My program (win32, Delphi) needs to display special chars in some columns of a table. To do that I use a special font for those columns. I got the font from my client. It is a .FON font. It works good on the screen but I often get problems as soon as I want to use it to print something.

I would like to convert this .FON font into to truetype font (.TTF) to avoid the problems. I don't care if the font does not scale good. I should just looks exactly the same when used on the screen with the same size as the default size of the original font. Do someone know a way to do that?

(It don't necessary need a source code solution. The font won't change. It's enough if I find a tool to do it)

Edit: Ideal would be to get a truetype font where each pixel of the original font is converted into a vectorial black square (I tested by redrawing a few chars manually, it would works as I want).

Edit 2, solution used: Using FontForge + Autotrace and then making corrections manually I was able to get a vector font that follow the outline of the pixels of the bitmap font. This vector font scales somewhat better than the original font and solve my printing problems. See accepted post for details.

But I'm still interested if someone knows a fully automated solution.

  • did you use those on windows or linux ?
    – jokoon
    May 5, 2012 at 13:15

12 Answers 12


Use FontForge + Autotrace then make some corrections manually.

First integrate Autotrace in Fontforge, see Autotracing bitmaps in FontForge. Here is how I have done it, as I wasn't able to use the win32 version of FontForge:

  1. Download, unzip and start Portable Ubuntu Tres. It's a special linux version that works under Windows!
  2. Choose System->Administration->Add/Remove Applications, search for FontForge and install it (administrator password is 123456). I got FontForge version 20090622 installated.
  3. Download autotrace-0.31.1.tar.gz from http://autotrace.sourceforge.net/index.html#download and copy it in your home directory in Portable Ubuntu.
  4. In Portable Ubuntu choose Applications->Accessories->Terminal to compile and install autotrace:

    sudo bash  (password is 123456)
    gunzip autotrace-0.31.1.tar.gz
    tar xf autotrace-0.31.1.tar
    cd autotrace-0.31.1
    make install

Then convert your font:

  1. Start FontForge in Portable Ubuntu and open the .FON font.
  2. Save your font as a .BDF font (Loading a .FON file as background didn't work for me so I had to convert the font first): File->Generate Fonts and choose BDF as format.
  3. Create a new font and import the BDF Font as background font: File->Import and don't forget select "As Background".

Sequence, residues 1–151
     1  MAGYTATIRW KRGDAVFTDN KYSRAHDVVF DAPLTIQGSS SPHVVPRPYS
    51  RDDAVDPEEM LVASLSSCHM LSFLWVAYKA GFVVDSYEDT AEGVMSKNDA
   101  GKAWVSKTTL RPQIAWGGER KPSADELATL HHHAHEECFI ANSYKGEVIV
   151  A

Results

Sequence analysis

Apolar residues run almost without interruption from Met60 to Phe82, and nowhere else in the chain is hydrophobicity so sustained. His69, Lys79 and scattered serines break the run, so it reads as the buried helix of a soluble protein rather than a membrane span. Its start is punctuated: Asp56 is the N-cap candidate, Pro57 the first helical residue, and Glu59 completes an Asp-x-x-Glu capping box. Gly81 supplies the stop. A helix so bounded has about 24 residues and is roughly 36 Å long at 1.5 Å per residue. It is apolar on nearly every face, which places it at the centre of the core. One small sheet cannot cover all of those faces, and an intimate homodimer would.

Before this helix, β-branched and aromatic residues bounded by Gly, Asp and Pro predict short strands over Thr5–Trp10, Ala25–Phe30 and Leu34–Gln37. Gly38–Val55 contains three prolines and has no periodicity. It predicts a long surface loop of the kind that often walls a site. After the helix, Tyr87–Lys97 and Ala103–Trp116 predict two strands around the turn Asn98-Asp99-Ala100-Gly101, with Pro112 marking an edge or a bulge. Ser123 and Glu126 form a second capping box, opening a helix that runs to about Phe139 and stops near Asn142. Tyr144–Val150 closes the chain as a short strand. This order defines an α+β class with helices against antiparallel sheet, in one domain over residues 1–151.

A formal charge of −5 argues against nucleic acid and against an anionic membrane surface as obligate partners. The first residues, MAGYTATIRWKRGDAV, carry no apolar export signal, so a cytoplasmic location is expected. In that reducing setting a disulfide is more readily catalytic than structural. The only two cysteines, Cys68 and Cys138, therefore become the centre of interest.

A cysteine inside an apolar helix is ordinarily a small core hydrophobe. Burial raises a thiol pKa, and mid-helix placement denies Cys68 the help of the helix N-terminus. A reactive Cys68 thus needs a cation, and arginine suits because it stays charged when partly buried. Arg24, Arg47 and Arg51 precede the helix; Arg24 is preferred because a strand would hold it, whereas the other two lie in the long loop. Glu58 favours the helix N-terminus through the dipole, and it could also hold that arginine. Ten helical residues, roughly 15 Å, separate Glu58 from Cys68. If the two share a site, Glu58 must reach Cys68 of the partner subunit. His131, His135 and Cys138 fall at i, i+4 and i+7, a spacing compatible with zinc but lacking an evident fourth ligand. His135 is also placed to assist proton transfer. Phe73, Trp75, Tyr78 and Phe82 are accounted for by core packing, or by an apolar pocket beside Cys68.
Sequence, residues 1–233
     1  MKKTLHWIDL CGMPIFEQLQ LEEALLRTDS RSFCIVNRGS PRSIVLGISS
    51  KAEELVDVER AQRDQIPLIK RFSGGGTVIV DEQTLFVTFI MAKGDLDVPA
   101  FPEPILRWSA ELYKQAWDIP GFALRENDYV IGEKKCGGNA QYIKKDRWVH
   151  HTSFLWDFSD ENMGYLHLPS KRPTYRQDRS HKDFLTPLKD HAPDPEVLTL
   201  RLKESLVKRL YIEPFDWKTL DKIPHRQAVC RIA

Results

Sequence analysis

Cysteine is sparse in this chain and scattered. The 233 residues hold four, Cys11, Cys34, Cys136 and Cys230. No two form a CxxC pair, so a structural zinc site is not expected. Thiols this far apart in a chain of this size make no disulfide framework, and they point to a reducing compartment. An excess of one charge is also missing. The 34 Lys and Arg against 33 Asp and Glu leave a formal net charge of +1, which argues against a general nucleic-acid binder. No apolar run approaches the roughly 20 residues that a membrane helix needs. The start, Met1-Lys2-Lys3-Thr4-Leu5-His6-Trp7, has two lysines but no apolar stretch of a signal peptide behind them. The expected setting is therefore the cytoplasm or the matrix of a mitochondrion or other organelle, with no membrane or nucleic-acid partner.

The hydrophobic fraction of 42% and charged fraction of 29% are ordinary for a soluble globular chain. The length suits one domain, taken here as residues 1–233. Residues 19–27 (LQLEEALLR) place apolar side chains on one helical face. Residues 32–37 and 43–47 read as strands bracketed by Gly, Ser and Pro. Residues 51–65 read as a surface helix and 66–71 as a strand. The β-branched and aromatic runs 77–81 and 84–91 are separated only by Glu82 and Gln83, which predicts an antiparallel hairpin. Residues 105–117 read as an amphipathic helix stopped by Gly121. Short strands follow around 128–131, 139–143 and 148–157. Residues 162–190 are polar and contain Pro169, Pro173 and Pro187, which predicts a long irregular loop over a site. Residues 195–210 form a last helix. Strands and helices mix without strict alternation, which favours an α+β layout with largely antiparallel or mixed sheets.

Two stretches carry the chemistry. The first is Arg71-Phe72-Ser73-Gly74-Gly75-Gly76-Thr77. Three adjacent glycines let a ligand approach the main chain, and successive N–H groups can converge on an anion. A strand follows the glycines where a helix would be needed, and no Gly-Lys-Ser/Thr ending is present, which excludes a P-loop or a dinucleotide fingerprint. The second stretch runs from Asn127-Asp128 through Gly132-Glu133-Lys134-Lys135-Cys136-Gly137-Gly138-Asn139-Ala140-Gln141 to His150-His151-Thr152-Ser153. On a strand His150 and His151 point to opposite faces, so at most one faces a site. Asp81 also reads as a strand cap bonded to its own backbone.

4. Select all characters and start an autotrace while holding the shift key so that you can enter parameters for autotrace. I used following parameters, which improved the recognition of the outline of the pixels but I didn't found the perfect parameters:

    -corner-surround=1 -line-threshold=10
  5. Correct the chars manually using mostly the function "Add a curve point". Activating View->Show->Almost Horizontal/Vertical Lines makes the work much easier.
  6. Generate a truetype font: File->Generate Fonts and choose truetype as format.
  • Portable Ubuntu doesn't exist anymore, but it is possible to do the same thing with a real Linux installation (eventually in a virtual machine)
    – Name
    Nov 8, 2013 at 14:52
  • 2
    autotrace is unmaintained, but you can install potrace which acts as a drop-in replacement. Be sure to choose "Prefer potrace" in the FontForge Preferences dialog, since ff won't detect potrace on its own.
    – jørgensen
    Nov 10, 2013 at 0:58

I know this question is old, but for what it is worth I was able to easily convert an old .fon to .ttf using PixFont. I ran it as an administrator (no installs - an old school executable in place) and it generated a good TTF even though the original .fon was missing some correct glyphs.

And, while it isn't free, at $29 it almost is, especially compared to the very expensive commercial products out there.

  • 4
    This actually worked! Installing and using FontForge was difficult. This tool got the job done with only a few clicks.
    – victmo
    Aug 11, 2014 at 6:26

For those that do not want to compile fontforge (for windows) grab a download here: http://www.mpetroff.net/software/fontforge-windows/

That build uses potrace instead of autotrace. The best parameters I got for the font that I was converting (vgasys.fon) were:

--turdsize 0 --opttolerance 0 --unit 1 --longcurve --gamma 0 --blacklevel 0 --cleartext